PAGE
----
Life has a funny way of creeping by before you know it. One moment you feel like you’re just leaving your teenage years, negotiating education and getting your career started, and the next thing you know you’re in your mid 20s or 30s, and you may be considering starting a family and thinking ‘when should I start saving for my retirement?’.
Well, the answer is not some far-away marker in the distant future. The time is now. Your future self is real, and will be here before you know it. You 20s and 30s are the perfect time to ensure that you have enough funds to provide yourself with a comfortable retirement. But how can you think about finishing work when you’re only just getting started in a career? When you could be considering other expenses, such as having children, buying a home, or paying off education tuition fees and loans? Should you be considering high risk strategies such as investing in lithium stock etf?Here are the smart moves you need to make in order to be set up for the future:
Balance Your Savings with Loan Payments
A survey by the Investor Protection Institute found that a third of Millennials are delaying their retirement savings plans in favour of paying off a student loan. But this approach means that you could find yourself not making a start on retirement savings into your 40s. Instead, look into whether you can swap over to an income based repayment plan, which will set a ceiling on your payments of 10% of your income. Then up your 401k contributions until you get a match, as that’s essentially free money you can benefit from. As your post-college earnings rise, step up the debt repayment to get rid of the amount you owe faster.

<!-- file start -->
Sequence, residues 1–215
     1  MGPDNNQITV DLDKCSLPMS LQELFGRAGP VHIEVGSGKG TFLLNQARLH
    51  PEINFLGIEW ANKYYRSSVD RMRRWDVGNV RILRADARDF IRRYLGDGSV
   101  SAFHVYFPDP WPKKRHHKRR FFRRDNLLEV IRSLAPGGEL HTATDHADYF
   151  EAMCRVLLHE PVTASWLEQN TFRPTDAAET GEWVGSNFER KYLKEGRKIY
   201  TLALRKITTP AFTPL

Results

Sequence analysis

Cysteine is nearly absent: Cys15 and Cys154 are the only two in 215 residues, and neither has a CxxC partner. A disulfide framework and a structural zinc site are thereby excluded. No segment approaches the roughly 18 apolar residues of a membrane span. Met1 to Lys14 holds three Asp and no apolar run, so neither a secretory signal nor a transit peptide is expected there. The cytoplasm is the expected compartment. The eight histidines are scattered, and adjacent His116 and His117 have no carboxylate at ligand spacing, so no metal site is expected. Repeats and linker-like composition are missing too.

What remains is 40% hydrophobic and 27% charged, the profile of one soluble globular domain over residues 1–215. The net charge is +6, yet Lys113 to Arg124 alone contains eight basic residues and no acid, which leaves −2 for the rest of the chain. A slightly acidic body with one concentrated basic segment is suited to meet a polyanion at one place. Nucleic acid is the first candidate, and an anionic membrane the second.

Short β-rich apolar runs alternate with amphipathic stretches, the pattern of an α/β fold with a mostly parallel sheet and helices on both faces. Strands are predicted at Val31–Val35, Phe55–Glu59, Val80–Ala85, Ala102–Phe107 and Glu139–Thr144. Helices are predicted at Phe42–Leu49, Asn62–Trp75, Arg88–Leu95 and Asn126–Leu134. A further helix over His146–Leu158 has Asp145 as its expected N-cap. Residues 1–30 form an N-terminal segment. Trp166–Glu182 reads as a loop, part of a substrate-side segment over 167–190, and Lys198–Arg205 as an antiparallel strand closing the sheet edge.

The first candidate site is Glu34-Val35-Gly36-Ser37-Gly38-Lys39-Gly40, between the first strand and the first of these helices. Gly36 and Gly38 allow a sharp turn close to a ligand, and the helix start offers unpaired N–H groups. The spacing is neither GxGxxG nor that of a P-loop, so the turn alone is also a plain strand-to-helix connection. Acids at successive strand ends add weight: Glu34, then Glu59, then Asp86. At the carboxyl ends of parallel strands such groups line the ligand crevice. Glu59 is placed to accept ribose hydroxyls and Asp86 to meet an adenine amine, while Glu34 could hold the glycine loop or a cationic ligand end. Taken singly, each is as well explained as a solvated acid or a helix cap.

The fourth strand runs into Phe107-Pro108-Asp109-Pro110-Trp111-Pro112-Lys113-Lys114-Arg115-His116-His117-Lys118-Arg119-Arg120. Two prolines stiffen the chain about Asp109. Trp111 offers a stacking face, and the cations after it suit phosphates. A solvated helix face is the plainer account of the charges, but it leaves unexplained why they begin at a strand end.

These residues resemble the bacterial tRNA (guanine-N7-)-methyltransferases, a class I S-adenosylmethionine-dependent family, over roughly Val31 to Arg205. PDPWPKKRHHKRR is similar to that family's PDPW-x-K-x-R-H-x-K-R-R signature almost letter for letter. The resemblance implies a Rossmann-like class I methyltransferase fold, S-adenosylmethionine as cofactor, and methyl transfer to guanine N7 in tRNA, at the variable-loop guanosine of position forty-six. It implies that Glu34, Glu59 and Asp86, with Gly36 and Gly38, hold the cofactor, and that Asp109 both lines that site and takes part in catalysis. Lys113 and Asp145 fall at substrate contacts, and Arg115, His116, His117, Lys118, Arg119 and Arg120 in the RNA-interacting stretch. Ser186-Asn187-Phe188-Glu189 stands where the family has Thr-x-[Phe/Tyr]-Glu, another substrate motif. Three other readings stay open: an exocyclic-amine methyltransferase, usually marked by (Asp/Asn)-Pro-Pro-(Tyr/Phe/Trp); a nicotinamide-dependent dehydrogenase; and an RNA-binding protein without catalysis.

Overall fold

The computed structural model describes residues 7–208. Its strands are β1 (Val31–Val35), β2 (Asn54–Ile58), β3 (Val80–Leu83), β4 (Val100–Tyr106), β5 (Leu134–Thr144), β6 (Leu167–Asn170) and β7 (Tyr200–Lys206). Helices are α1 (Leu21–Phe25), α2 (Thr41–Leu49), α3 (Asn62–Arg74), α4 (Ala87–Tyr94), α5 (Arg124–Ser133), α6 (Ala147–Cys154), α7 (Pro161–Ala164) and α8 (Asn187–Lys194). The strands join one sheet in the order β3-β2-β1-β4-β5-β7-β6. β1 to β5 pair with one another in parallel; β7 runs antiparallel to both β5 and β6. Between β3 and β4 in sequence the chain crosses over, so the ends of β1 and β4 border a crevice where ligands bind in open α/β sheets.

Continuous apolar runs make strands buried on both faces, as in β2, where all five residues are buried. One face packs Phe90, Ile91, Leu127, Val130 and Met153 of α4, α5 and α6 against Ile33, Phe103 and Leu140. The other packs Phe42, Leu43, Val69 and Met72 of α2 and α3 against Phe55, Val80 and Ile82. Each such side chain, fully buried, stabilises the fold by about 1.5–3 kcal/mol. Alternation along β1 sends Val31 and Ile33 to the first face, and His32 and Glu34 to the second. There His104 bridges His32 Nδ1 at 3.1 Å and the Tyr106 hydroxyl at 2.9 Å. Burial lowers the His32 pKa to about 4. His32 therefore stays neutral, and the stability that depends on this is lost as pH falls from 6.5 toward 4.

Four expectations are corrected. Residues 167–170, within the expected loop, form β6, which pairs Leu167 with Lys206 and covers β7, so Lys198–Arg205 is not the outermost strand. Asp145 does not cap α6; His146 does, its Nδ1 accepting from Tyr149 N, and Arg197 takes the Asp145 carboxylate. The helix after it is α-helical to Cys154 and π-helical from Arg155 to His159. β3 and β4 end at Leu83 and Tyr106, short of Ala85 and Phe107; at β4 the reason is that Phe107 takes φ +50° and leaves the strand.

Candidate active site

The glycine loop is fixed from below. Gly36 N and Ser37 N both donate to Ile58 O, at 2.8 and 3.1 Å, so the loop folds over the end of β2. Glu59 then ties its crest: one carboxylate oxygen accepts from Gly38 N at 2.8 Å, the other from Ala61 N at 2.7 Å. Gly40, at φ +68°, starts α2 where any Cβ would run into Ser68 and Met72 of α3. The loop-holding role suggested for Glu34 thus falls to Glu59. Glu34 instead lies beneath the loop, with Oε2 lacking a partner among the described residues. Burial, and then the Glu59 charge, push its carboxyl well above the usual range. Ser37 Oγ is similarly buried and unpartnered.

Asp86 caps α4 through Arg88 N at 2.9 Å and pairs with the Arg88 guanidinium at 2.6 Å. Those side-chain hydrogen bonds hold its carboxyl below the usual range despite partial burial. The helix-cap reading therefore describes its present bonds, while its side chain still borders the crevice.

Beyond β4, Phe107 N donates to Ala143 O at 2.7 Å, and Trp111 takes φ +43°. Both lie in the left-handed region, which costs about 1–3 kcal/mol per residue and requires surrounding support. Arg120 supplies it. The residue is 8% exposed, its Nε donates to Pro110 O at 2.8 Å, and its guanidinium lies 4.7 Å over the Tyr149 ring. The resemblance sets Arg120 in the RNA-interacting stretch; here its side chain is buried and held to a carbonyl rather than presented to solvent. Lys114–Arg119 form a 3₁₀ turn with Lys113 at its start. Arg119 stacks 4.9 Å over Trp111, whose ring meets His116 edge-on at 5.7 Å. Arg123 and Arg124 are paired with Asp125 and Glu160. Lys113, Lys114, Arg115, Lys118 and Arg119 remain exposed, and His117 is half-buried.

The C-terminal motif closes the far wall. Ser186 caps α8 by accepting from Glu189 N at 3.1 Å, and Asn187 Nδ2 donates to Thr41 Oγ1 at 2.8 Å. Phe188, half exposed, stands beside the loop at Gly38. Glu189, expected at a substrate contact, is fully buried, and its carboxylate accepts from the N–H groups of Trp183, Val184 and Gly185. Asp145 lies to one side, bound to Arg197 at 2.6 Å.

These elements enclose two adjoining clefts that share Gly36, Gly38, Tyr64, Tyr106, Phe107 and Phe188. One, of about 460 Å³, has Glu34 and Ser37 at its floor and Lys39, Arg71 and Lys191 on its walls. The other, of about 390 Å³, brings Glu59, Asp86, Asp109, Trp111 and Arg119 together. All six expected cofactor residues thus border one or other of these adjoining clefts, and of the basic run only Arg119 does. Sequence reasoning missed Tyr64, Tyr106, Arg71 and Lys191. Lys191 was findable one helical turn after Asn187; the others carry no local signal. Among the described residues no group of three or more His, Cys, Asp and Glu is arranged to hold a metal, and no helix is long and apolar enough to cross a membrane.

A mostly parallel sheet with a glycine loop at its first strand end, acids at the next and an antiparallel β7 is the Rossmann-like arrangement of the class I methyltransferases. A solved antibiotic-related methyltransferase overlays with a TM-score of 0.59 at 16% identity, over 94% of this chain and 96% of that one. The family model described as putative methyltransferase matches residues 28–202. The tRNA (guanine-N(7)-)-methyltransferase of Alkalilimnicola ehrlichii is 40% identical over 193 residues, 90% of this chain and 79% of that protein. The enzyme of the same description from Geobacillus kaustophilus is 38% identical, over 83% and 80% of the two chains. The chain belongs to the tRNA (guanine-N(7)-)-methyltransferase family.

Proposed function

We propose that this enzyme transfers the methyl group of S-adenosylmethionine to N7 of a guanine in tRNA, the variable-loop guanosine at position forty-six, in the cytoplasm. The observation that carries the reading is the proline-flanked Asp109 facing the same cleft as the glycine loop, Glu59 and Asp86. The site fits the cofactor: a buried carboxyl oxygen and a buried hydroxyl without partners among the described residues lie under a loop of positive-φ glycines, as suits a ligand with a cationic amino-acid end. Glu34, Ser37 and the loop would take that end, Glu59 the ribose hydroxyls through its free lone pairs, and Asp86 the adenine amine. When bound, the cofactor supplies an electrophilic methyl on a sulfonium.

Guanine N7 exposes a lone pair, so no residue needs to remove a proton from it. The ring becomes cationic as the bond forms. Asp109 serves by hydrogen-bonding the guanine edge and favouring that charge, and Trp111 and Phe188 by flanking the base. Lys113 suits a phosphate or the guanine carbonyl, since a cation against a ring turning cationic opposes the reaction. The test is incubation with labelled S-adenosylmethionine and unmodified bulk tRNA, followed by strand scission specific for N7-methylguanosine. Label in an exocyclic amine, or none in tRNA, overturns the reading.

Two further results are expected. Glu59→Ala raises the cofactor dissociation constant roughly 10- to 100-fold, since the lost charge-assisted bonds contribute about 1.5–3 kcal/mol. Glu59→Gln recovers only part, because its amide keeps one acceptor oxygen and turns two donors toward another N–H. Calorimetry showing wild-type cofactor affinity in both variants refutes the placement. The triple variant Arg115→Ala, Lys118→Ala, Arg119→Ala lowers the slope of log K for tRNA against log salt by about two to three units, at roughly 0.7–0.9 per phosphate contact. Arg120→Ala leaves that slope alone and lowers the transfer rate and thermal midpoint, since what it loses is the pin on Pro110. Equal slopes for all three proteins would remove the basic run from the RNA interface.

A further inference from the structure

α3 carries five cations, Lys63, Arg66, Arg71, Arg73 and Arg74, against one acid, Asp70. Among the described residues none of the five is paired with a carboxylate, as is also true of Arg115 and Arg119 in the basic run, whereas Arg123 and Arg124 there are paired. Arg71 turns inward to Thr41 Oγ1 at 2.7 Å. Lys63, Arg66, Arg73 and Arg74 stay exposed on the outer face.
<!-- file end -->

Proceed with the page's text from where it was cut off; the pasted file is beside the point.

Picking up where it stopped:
Ask For A Pay Raise Today
The idea of asking your employer for a raise can be daunting, but even small amounts in your early career add up further down the line, as you can then negotiate from a higher starting position further down the line. What you earn in your first working decade is absolutely crucial. The most growth in wages is typically experienced between the ages of 25 and 35, so a relatively smaller boost at this point is doubly valuable – both as a yearly raise over a lifetime but also as a higher starting point for the next raise. Wait until your annual review, provide solid evidence of the contribution you’ve made to the company’s bottom line and never be afraid to ask. For most companies it’s far cheaper to raise your salary than to recruit again if you leave, especially if you have a solid track record of performance. This extra money will enable you to save more towards your retirement fund.
Keep Fees Low and Interest High
You must also be proactive about shopping the market for the best deals on your savings, and as these shift over time, annually reviewing it to make sure that your accounts are still the best available for your needs. Making sure of low fund expenses when you’re young results in more profit over time of course so find an ultra low cost fund that offers something like 0.2% charges a year and it could add up up to thousands of extra in the long term for a little effort now.